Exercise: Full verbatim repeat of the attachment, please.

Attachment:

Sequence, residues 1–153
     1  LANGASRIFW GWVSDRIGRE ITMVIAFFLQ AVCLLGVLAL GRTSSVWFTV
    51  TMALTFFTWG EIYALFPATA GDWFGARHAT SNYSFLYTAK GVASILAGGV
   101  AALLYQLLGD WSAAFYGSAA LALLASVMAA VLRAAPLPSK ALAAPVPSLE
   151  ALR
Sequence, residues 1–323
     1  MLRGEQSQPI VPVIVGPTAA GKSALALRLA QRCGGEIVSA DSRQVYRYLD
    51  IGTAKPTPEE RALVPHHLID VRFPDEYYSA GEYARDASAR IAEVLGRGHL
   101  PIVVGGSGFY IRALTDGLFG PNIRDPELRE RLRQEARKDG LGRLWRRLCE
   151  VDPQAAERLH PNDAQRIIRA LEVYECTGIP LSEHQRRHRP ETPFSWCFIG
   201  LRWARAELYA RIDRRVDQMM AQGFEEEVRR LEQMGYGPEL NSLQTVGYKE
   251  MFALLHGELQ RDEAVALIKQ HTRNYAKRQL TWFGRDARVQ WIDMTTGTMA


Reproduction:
Sequence, residues 1–153
     1  LANGASRIFW GWVSDRIGRE ITMVIAFFLQ AVCLLGVLAL GRTSSVWFTV
    51  TMALTFFTWG EIYALFPATA GDWFGARHAT SNYSFLYTAK GVASILAGGV
   101  AALLYQLLGD WSAAFYGSAA LALLASVMAA VLRAAPLPSK ALAAPVPSLE
   151  ALR
Sequence, residues 1–323
     1  MLRGEQSQPI VPVIVGPTAA GKSALALRLA QRCGGEIVSA DSRQVYRYLD
    51  IGTAKPTPEE RALVPHHLID VRFPDEYYSA GEYARDASAR IAEVLGRGHL
   101  PIVVGGSGFY IRALTDGLFG PNIRDPELRE RLRQEARKDG LGRLWRRLCE
   151  VDPQAAERLH PNDAQRIIRA LEVYECTGIP LSEHQRRHRP ETPFSWCFIG
   201  LRWARAELYA RIDRRVDQMM AQGFEEEVRR LEQMGYGPEL NSLQTVGYKE
   251  MFALLHGELQ RDEAVALIKQ HTRNYAKRQL TWFGRDARVQ WIDMTTGTMA